Solid Thai food for those who prefer to be stirred rather than shaken.
A couple of years back I was fortunate enough to see a musician friend play Tokyo’s famous Blue Note Jazz Club. It was a great show, and afterwards we sat down to talk about how the gig went. As we ran through the set and talked about the players, I made some off-handed remark about how much I loved the opening piece – a wild, cacophonous explosion of sound, the likes of which is rarely heard at a Japanese club. “Yeah, the chaos,” he replied “it’s the one thing we’ll play like that in Japan. Back in the States, most of our set is like that. But after years of playing here, we learned that Japanese audiences don’t go in for chaos. Now we dial it down when we play Tokyo.”
Anyone who’s explored Tokyo’s so-called ‘ethnic’ food scene will spot the similarity to what happens when a Thai, Indian or even Vietnamese restaurant opens. Strong flavors, be they spices like chili or cumin, or herbs such as cilantro (coriander) are quickly brought down to a level more acceptable to the majority of Japanese customers.
Prior to visiting Old Thailand, we were assured that despite being part of a restaurant chain, their dishes were pretty authentic, and certainly the familiar ‘chili scale’ illustration (one chili meaning not particularly hot, three meaning pretty darn hot) suggested that we’d be swabbing our faces with oshibori in no time.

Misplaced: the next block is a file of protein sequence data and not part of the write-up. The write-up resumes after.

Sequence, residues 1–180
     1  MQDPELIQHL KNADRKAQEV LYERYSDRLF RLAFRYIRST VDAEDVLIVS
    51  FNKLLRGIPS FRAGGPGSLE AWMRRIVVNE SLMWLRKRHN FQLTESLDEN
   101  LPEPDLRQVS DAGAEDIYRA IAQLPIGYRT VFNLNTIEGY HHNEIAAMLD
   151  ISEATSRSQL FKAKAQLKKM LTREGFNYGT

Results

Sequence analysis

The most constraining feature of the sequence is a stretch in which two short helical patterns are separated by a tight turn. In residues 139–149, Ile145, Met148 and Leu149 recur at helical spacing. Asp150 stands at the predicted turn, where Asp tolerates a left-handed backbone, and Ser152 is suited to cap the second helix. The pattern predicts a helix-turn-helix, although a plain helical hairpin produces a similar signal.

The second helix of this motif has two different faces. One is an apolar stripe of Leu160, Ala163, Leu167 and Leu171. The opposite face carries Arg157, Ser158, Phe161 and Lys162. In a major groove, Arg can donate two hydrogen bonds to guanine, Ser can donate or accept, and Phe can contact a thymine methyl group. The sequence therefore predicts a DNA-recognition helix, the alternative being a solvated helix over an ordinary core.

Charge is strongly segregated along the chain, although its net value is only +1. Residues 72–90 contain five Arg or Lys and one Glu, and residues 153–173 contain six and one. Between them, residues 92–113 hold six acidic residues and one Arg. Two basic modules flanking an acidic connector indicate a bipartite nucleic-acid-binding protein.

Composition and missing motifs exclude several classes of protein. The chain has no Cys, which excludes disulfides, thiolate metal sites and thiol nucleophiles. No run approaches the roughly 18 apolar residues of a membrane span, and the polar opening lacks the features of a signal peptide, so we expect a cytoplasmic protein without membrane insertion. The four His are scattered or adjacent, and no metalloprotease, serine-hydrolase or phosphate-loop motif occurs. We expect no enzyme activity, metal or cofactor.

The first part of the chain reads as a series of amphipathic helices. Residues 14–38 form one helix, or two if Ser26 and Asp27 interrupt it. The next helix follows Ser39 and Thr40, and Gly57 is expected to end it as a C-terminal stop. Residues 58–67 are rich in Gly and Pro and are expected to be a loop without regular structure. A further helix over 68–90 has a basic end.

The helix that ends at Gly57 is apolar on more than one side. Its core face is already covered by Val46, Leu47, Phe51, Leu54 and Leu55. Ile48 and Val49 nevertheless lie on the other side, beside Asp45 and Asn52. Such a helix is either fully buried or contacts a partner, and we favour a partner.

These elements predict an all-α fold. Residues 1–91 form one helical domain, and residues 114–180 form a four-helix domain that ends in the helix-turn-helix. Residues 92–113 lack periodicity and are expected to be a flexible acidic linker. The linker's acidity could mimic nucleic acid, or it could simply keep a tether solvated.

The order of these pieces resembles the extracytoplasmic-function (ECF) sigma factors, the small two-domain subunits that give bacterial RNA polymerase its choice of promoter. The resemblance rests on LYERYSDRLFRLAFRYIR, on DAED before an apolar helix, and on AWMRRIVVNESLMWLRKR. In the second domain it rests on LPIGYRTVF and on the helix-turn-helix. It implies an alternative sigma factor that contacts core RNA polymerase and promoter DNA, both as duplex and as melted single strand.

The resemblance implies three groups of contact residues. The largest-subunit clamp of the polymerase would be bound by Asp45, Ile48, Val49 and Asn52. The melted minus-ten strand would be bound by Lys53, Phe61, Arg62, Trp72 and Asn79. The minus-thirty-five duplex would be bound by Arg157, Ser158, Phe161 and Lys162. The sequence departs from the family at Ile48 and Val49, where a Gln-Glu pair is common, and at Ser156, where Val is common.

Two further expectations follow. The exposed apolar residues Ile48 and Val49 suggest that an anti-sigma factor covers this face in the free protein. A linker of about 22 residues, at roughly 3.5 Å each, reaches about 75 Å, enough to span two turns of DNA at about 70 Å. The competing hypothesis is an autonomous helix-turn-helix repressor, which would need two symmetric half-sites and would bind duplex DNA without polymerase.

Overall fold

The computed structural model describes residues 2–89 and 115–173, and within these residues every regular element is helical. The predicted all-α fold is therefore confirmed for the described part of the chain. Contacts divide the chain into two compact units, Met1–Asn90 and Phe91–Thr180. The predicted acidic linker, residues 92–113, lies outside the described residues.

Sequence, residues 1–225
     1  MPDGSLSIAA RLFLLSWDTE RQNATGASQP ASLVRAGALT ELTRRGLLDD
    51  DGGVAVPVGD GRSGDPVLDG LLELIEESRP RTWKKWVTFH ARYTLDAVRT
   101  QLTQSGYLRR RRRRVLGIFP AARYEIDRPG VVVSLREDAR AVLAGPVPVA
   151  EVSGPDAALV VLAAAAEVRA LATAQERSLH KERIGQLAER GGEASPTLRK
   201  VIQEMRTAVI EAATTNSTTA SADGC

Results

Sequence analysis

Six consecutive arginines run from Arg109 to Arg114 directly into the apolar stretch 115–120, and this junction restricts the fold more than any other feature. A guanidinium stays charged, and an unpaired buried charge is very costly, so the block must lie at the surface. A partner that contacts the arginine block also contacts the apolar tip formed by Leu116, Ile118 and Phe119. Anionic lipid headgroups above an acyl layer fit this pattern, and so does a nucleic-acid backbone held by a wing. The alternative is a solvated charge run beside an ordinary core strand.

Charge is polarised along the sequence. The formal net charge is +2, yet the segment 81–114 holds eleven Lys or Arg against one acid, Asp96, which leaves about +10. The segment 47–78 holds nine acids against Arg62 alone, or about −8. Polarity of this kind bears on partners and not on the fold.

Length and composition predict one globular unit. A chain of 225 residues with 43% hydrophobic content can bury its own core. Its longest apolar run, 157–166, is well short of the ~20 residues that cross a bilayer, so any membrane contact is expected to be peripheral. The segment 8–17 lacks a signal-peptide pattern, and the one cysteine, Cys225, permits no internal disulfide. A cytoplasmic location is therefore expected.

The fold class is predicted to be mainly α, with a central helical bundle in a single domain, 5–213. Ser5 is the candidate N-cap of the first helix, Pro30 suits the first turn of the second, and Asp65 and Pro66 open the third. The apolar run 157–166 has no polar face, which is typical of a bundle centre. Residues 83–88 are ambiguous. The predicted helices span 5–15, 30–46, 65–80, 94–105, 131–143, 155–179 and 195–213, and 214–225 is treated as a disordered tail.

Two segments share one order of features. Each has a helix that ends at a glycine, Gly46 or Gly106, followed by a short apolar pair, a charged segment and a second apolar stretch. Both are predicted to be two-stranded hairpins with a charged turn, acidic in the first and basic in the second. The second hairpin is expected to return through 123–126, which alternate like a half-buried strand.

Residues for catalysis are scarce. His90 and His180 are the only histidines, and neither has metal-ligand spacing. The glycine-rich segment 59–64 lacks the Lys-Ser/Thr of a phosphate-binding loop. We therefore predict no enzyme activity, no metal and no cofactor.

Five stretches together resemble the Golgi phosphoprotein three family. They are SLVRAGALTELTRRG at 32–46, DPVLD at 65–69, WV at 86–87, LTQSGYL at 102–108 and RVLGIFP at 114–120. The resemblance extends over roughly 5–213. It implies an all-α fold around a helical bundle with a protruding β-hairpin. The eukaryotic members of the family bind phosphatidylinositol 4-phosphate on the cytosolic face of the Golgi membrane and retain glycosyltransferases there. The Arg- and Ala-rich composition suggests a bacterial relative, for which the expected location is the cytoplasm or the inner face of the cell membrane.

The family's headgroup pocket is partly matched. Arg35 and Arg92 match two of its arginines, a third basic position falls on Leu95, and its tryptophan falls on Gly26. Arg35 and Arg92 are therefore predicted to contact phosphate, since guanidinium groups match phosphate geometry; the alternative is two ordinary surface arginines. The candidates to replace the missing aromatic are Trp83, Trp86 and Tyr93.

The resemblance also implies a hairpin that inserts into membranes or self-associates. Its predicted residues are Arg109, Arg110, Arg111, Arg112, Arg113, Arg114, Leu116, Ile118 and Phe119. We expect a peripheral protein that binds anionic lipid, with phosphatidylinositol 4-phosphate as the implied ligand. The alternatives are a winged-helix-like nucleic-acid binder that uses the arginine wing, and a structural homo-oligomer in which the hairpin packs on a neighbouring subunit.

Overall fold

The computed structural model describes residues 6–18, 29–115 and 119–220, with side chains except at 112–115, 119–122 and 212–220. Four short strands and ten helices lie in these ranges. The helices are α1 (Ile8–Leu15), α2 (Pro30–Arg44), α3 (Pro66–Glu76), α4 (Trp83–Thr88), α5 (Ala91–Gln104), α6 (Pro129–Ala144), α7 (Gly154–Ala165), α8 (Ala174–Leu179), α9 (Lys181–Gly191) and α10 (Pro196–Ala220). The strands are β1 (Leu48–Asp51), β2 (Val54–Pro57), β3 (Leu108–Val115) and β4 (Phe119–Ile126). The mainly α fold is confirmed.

The lunch menu offers all the Thai standards, and then some. Khao man gai (boiled Thai-style chicken with steamed rice), kaeng khiao wan (green curry), and tom yam-flavored noodles head up the menu. Elsewhere, a ‘new lunch menu’ offers a green curry with shrimp and avocado, as well as a personal favorite – khao soi (noodles in a soupy chicken curry).
We ordered khao soi and pad ga prao kai (minced chicken cooked in basil) and were impressed when both dishes arrived in a matter of minutes. The khao soi was a pretty good approximation of what one would find on the streets of Chiang Mai, albeit somewhat oilier and containing the kind of thin ramen noodles which tend to clump together. Still, pretty good for a dish that many Japanese are yet to discover.
But it was the ga prao that dominated conversation. It was surprisingly bland, with none of the flavor we were expecting. Where was the promised ‘three chili’ spiciness? Clearly, this was a case of a Thai classic being modified to suit local tastes. Now, this isn’t always a bad thing (the Japanese have reworked countless foreign dishes to great effect) but here the result was mildly disappointing.
Old Thailand delivers plenty of ambiance, and the long lines suggest this is a popular destination for Iidabashi’s office workers come lunchtime. But if, like me, you like your Thai liberally seasoned with chaos, I suggest you ask ahead.
Directions: Turn left from Exit B2A of Iidabashi station. It’s 3 minutes walk across the bridge and on the second street to your left.
2-3-8 Fujimi, Chiyoda-ku,
Hours: 11.30 – 15:00 (L.O. 14.30) and 17.30 – 23.00 (L.O. 22.00)